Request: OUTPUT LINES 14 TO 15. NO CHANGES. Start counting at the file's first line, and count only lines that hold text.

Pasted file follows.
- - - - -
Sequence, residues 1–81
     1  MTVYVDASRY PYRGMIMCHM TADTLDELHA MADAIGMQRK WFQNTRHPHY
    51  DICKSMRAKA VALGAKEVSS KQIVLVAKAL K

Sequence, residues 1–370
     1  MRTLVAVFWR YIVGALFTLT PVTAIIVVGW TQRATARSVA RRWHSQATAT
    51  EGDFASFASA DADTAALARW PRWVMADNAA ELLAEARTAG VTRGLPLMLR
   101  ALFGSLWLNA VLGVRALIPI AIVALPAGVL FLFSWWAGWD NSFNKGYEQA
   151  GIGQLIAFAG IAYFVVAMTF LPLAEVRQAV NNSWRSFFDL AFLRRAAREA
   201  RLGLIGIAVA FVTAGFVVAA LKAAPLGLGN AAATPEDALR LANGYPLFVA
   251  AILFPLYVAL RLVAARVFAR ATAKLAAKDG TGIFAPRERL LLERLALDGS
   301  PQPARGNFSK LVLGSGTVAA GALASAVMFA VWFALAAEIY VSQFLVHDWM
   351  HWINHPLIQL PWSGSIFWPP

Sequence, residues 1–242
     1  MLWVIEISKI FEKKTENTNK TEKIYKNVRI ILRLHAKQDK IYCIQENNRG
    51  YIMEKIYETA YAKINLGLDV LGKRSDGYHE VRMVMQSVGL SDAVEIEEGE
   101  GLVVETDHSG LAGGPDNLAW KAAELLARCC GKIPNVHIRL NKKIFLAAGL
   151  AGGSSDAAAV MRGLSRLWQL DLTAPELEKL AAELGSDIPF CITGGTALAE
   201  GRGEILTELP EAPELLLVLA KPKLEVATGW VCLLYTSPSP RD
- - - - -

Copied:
     1  MLWVIEISKI FEKKTENTNK TEKIYKNVRI ILRLHAKQDK IYCIQENNRG
    51  YIMEKIYETA YAKINLGLDV LGKRSDGYHE VRMVMQSVGL SDAVEIEEGE